Pounds and Pennies

May 26, 2024by Rajeev Hora1

Their unapologetic philosophy is straight forward, “You don’t ask, you don’t get.”

Many years back, a rather funny cartoon in an English daily became quite famous. The cartoon depicted an Indian family visiting the NASA Space centre and having a look at their latest rocket. The father is shown inquisitively asking the official in charge, “Yeh kitna deti hai?” Meaning, “What is the mileage you get from this space vehicle?”

The image universally brought a smile to the face by making fun of a national fixation, which borders on obsession at times. That being of deriving the maximum bang for the buck. Not that there is anything fundamentally wrong in striving for that in a wasteful society.

The Gujaratis being a business community, generally bear the brunt of jokes for maximizing the value for their money. But the Gujjus are not in it alone. Barring the few occasions to the contrary, most Indians would not like to miss out on striking a bargain. They say bargaining is like the tasty ‘Indian chaat’. Once you are hooked on to it, the addiction does not go away easily.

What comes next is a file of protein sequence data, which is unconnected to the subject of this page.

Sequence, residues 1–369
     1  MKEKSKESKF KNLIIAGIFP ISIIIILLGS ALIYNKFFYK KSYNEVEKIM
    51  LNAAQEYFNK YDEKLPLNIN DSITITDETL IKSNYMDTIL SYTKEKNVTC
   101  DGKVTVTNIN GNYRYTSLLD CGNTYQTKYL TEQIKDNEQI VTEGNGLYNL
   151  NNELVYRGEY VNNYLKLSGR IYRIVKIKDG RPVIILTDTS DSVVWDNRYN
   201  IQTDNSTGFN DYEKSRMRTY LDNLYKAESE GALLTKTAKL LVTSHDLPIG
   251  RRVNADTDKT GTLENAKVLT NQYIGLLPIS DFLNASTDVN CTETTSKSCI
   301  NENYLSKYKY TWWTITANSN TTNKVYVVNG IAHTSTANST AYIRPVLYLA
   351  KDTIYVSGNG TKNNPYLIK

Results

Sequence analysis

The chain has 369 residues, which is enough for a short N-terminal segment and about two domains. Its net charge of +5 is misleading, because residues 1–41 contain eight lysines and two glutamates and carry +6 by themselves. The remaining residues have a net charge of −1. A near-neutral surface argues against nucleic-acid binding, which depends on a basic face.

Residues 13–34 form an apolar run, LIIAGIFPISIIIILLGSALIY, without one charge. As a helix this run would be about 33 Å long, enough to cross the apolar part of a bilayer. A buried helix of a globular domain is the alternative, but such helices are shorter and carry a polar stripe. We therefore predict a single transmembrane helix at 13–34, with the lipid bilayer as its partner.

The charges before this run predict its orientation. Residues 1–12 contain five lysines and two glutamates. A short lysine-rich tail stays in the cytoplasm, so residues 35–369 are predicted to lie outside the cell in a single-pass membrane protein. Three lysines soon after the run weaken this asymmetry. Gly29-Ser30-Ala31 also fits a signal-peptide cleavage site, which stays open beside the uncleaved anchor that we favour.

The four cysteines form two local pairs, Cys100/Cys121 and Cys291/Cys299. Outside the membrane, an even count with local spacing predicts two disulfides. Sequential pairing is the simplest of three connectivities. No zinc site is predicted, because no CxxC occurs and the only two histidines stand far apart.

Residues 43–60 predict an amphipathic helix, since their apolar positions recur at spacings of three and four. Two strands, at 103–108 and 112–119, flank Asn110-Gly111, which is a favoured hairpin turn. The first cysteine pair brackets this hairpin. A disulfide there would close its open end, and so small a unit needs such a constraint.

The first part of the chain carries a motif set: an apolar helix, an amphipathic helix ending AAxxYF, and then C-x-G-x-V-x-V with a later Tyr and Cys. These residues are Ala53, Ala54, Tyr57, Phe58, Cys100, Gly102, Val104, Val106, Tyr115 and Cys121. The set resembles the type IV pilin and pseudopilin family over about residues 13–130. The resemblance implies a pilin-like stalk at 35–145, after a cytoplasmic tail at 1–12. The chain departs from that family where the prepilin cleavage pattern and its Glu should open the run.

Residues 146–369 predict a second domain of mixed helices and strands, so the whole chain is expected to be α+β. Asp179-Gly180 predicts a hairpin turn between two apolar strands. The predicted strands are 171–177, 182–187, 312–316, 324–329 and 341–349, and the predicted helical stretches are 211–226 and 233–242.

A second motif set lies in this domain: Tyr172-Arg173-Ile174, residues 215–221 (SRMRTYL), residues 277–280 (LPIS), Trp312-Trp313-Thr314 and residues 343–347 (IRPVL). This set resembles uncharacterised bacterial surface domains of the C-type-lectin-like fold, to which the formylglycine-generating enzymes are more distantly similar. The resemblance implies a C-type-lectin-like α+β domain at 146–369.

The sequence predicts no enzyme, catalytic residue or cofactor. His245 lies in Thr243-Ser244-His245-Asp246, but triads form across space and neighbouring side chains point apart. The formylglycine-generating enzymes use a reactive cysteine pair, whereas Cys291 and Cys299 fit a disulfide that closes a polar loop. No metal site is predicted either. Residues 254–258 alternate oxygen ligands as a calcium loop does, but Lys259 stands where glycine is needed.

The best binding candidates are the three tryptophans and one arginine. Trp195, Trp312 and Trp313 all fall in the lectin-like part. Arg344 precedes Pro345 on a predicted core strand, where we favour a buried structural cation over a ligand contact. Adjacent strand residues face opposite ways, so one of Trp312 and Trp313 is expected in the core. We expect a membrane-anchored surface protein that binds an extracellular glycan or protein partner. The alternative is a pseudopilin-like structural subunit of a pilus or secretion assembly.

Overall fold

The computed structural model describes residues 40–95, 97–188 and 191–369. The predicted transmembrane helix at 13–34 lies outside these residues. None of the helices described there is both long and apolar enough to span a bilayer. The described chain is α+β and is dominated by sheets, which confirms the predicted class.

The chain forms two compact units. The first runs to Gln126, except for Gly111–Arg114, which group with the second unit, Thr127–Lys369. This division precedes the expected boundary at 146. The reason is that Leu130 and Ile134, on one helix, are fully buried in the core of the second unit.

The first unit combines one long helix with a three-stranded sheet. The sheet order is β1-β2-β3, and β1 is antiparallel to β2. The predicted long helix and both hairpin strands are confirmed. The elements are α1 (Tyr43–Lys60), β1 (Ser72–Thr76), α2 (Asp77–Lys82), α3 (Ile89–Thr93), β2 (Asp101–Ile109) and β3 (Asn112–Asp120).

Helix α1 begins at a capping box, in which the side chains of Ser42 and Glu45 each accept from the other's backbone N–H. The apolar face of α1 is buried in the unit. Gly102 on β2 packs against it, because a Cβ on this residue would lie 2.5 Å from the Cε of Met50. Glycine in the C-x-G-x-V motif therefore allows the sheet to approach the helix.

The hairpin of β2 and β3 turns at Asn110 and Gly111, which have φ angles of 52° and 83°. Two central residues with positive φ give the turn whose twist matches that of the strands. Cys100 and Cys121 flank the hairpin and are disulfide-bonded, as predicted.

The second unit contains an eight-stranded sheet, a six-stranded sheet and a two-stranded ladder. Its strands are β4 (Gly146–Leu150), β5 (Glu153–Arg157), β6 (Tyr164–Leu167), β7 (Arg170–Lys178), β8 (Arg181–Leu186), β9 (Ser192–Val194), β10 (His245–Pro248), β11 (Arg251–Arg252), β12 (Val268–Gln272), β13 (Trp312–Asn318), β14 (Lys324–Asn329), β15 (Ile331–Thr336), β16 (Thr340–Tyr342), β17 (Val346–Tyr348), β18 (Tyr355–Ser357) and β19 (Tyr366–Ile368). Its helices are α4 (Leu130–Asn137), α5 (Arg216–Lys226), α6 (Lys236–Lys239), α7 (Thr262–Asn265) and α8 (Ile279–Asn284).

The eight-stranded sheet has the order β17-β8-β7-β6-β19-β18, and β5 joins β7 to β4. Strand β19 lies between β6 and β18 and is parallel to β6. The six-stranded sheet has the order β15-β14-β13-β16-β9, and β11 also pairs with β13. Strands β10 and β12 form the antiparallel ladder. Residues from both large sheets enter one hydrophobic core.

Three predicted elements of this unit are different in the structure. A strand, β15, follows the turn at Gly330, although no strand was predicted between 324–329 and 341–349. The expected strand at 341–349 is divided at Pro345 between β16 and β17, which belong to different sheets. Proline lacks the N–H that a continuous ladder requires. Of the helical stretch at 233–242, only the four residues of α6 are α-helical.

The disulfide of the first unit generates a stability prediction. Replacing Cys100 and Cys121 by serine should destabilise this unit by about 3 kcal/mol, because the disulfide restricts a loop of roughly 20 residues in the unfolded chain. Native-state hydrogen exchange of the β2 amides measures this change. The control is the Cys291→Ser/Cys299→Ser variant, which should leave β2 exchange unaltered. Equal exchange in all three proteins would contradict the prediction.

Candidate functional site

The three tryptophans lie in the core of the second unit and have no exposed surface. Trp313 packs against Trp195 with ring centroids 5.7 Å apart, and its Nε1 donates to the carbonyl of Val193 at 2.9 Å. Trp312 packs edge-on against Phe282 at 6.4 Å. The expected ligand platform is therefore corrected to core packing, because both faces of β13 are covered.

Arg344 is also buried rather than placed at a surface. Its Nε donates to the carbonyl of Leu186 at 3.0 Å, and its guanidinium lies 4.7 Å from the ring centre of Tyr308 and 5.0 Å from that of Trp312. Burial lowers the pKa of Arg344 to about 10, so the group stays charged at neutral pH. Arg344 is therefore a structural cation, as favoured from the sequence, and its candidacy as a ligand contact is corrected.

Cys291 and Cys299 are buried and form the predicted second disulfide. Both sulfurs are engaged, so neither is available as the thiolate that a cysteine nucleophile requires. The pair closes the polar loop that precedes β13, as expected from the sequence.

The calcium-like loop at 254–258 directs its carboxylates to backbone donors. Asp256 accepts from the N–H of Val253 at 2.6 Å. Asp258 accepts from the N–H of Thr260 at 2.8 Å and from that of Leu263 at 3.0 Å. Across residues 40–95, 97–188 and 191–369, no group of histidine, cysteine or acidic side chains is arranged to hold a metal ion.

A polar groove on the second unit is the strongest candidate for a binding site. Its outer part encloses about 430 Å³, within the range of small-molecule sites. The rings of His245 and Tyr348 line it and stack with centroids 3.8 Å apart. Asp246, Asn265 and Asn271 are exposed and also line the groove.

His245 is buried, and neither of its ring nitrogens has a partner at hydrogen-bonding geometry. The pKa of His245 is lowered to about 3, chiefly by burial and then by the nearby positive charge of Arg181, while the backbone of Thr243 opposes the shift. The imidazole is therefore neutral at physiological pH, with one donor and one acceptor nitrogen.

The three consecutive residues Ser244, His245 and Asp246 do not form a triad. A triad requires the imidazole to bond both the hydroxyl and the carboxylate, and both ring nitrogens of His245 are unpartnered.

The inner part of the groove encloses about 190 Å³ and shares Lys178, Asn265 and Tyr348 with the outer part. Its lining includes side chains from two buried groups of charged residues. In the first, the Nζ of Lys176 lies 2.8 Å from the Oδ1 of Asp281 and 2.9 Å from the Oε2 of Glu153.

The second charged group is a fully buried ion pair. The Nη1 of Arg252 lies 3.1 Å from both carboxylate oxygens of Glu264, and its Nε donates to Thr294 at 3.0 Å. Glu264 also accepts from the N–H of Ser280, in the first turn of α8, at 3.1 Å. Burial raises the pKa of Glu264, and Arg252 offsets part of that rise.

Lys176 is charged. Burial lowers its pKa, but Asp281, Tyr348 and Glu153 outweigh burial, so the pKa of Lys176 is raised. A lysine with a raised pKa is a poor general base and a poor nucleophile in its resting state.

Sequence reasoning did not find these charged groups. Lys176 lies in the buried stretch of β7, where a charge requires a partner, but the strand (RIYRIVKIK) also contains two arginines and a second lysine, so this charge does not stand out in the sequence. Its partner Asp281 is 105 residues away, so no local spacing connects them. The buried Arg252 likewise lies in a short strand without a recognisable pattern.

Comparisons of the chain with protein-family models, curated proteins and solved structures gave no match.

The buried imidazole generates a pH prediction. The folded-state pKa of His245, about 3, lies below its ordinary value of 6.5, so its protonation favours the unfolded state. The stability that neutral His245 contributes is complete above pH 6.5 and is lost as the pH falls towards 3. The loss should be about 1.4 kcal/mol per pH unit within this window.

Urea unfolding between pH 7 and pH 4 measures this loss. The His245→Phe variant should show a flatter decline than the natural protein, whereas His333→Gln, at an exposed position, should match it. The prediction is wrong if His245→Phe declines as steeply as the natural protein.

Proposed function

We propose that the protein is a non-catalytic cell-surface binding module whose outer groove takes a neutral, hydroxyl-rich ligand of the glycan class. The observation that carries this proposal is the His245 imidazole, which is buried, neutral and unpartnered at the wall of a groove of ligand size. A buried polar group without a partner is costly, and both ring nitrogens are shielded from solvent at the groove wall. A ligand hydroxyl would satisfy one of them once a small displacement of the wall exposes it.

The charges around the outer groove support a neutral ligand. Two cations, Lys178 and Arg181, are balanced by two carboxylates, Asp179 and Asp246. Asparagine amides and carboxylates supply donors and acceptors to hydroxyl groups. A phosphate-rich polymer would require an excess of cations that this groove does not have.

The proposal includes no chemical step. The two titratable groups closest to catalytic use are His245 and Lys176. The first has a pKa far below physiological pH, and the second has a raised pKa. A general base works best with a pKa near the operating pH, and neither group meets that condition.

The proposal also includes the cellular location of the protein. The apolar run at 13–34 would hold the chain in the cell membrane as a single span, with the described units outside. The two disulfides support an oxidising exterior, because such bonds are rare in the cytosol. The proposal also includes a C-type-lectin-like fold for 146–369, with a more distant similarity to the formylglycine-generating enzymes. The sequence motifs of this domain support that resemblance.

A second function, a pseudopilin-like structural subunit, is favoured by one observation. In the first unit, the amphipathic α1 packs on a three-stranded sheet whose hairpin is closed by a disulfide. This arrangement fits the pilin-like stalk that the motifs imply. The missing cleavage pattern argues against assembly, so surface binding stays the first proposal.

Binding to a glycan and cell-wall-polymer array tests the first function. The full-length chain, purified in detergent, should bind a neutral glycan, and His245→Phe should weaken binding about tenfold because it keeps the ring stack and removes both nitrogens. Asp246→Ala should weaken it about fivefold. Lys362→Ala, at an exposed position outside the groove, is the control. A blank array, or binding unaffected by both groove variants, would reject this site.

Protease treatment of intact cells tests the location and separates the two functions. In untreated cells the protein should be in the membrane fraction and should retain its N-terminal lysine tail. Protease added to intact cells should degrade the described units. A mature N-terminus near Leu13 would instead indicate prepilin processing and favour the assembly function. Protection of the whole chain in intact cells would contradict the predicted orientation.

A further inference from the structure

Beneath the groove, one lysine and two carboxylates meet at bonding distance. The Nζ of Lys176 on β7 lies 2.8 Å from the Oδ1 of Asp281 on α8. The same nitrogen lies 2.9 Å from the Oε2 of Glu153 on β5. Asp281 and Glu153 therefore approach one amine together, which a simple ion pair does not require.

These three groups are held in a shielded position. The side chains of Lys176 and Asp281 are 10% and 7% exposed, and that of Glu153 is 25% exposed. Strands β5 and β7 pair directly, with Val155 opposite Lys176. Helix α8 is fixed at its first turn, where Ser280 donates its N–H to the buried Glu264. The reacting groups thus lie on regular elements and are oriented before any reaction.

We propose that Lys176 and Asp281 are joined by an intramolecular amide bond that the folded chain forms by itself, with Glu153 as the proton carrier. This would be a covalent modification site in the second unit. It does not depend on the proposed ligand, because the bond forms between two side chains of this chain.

Robin has been running a garment business for years. As per him, “When I started off, I was vehemently against bargaining. In six months flat, I was on the verge of bankruptcy. At that point, changing my modus operandi was just plain Hobson’s choice. To my utter surprise, the profits almost doubled, and I recovered. And as you can see, I have not done too bad.”

“My simple realization has been that people want to feel victorious to get a mini-dopamine rush. No victory can be there if a duel is not there. That is exactly the reason why we engage you in conversation and a bit of jovial sparring. I don’t want to sound sexist, but the ladies especially revel in the face off. For them, a fixed-price approach is boring and unexciting.”

“Getting a little more than we deserve gives everyone a pseudo feeling of reward and gratification. The medieval phrase ‘Baker’s dozen’ probably emanates from that. The baker would often add an extra loaf on purchase of a standard dozen bread loaves. In Punjab also, the extra bit sought from the street-vendor has been termed as ‘Jhoonga’ over the ages.”